SOLOMONS, MD (October 12, 2023)—A long-term Arctic biological data set maintained by a University of Maryland Center for Environmental Science (UMCES) faculty member has been proven instrumental in determining the cause of a continuing series of die-offs of eastern Pacific gray whales. According to a new study published in the journal Science, fluctuating stocks of a shrimp-like creature living in the sediments of the Bering and Chukchi seas are likely to have caused three major die-offs in the eastern North Pacific gray whale population since the 1980s. During each of these die-offs, including one that began in 2019 and is ongoing, the gray whale population has been reduced by up to 25% over just a few years.
“This study shows the value of collecting data year after year in the Arctic to address the question of how climate change is impacting the ecological system. Physical changes such as the retreat of sea ice are well-documented, but it is much more challenging to understand how these changes affect the biological system,” said University of Maryland Center for Environmental Science Professor Jacqueline Grebmeier.
The study and its conclusions depend upon a long-term biological data set on gray whale prey in the Bering Strait region, which was initiated by Grebmeier in the 1980s and has now been incorporated into an Arctic monitoring network called the Distributed Biological Observatory (DBO). Lee Cooper, another UMCES faculty member, has also contributed to the development of the data set.
Eastern Pacific gray whales are one of the few populations of large whales that have recovered to what may be similar numbers that existed prior to commercial whaling. These small baleen whales, which currently number about 14,500, make a lengthy migration each year, with many transiting along the Pacific Coast of North America, from lagoons in Baja California, Mexico to the productive waters of the Arctic where they feed on tens of thousands of amphipods per square meter that live in the sediments and filter feed on rich and productive water column plants in the summer months. As the population has recovered from the historic whaling period and approached levels close to what their Arctic feeding areas can support, “they have likely become more sensitive to environmental conditions due to competition for limited resources,” according to lead author Joshua Stewart, an assistant professor with Oregon State University’s Marine Mammal Institute.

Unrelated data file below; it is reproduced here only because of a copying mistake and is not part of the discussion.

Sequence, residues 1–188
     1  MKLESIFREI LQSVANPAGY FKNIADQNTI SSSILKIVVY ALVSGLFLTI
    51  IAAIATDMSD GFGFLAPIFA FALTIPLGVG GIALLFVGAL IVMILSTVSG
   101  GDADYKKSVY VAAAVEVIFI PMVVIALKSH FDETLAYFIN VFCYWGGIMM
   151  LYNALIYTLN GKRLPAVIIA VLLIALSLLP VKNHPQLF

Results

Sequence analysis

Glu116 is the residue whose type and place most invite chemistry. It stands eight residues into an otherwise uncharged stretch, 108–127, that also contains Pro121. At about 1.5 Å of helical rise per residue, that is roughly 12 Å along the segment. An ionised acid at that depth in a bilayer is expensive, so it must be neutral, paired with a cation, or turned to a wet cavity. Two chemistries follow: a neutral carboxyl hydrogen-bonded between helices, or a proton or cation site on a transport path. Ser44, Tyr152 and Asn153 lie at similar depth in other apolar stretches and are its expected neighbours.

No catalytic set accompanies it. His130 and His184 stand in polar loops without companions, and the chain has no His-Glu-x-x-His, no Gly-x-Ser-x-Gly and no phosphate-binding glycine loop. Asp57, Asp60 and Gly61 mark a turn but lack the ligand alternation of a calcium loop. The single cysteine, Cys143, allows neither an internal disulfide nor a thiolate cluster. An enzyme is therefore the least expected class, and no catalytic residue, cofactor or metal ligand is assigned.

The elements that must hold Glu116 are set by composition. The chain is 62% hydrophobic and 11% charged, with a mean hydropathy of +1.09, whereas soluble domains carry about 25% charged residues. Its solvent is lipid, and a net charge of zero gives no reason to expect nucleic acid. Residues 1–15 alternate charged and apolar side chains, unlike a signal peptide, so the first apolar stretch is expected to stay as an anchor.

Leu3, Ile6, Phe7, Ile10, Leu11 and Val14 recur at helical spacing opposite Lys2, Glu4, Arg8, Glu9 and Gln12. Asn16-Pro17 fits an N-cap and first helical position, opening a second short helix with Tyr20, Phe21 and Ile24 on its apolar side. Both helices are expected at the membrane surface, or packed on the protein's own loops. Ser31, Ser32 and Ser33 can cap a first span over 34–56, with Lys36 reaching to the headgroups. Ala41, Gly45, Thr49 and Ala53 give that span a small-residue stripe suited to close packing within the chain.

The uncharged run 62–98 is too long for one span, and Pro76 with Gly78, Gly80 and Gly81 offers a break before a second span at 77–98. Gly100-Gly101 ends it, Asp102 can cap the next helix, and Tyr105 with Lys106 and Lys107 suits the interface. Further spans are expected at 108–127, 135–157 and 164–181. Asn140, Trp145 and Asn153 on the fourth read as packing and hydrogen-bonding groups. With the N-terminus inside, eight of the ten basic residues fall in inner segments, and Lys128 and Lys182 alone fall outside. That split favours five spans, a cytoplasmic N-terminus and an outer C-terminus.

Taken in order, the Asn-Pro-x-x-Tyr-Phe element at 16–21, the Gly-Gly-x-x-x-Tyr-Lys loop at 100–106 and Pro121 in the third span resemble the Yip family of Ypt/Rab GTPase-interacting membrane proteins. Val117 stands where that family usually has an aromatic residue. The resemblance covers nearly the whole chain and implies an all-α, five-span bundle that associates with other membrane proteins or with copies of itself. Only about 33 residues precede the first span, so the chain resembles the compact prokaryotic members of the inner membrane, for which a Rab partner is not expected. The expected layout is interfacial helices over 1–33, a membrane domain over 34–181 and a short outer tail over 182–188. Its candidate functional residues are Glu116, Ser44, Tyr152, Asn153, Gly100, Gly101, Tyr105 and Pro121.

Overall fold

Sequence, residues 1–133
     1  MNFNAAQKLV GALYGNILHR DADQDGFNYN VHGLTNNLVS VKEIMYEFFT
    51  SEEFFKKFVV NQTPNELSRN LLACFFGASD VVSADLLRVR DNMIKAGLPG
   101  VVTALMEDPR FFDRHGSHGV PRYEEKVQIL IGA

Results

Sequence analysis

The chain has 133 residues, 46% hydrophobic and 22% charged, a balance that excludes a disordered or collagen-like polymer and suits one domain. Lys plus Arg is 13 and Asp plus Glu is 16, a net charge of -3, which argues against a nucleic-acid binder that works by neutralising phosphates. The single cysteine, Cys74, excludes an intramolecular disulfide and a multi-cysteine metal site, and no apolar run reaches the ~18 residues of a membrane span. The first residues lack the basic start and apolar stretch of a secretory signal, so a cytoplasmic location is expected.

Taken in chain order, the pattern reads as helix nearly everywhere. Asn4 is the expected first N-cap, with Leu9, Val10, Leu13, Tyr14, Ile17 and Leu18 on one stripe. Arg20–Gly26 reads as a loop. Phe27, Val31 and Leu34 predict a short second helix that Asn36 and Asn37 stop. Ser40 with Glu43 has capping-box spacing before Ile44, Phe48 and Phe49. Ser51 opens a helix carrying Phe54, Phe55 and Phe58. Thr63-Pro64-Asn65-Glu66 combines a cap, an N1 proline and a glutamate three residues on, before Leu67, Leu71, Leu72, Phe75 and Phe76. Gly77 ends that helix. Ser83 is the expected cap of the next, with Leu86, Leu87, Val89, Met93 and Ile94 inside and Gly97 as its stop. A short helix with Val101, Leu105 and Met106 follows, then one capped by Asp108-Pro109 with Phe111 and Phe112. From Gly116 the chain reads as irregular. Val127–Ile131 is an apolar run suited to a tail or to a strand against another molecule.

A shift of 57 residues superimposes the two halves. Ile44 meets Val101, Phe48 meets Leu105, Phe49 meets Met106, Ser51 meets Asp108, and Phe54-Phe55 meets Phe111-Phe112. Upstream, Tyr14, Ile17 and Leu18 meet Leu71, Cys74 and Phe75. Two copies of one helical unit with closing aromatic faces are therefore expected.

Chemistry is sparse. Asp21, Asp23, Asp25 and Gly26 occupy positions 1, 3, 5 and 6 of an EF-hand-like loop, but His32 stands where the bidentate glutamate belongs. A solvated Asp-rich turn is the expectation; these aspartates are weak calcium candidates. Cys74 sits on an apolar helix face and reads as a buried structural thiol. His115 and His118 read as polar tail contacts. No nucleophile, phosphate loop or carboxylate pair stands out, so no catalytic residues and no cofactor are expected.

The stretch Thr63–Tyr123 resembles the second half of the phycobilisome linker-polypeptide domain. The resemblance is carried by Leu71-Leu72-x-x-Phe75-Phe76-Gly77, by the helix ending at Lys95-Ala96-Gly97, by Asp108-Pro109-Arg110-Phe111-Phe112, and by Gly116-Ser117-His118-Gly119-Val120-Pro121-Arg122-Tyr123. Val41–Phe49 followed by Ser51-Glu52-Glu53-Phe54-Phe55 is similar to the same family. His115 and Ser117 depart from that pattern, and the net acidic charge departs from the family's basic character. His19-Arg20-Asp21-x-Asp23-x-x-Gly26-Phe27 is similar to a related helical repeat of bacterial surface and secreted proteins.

“This research demonstrates the value of long-term data in understanding not only the species under study but also the environment it depends on,” said Dave Weller, another co-author and the director of NOAA’s Southwest Fisheries Science Center’s Marine Mammal and Turtle Division. “When we began collecting data on gray whales in 1967, little did we realize the important role they would play in understanding the effects of climate change on an iconic sentinel species in the Pacific. This research would not have been possible without our reliable long-term record.”
Benthic amphipods, the calorie-rich prey that gray whales prefer, are sensitive to sea ice cover. Algae that grow underneath sea ice sink to the seafloor, enriching the amphipod population. Less ice leads to less algae reaching the seafloor, warmer water that favors smaller benthic crustaceans and faster currents that reduce habitat for gray whales’ preferred prey.
“I wouldn’t say there is a risk of losing gray whales due to climate change,” Stewart said. “But we need to think critically about what these changes might mean in the future. An Arctic Ocean that has warmed significantly may not be able to support 25,000 gray whales like it has in recent past.”
Besides, Stewart, Grebmeier, and Weller, other coauthors include Trevor W. Joyce of Ocean Associates; John Durban of the Marine Mammal Institute and Sealife Response, Rehabilitation and Research; John Calambokidis of Cascadia Research Collective; Deborah Fauquier of the NOAA Fisheries Office of Protected Resources; Holly Fearnbach of SR3; Morgan Lynn, Wayne Perriman of the Southwest Fisheries Science Center, NOAA Fisheries; Manfredi Manizza of the Scripps Institution of Oceanography, University of California, San Diego; and Tim Tinker of Nhydra Consulting and University of California, Santa Cruz.
UNIVERSITY OF MARYLAND CENTER FOR ENVIRONMENTAL SCIENCE
The University of Maryland Center for Environmental Science leads the way toward better management of Maryland’s natural resources and the protection and restoration of the Chesapeake Bay. From a network of laboratories located across the state, UMCES scientists provide sound evidence and advice to help state and national leaders manage the environment and prepare future scientists to the meet the global challenges of the 21st century. www.umces.edu
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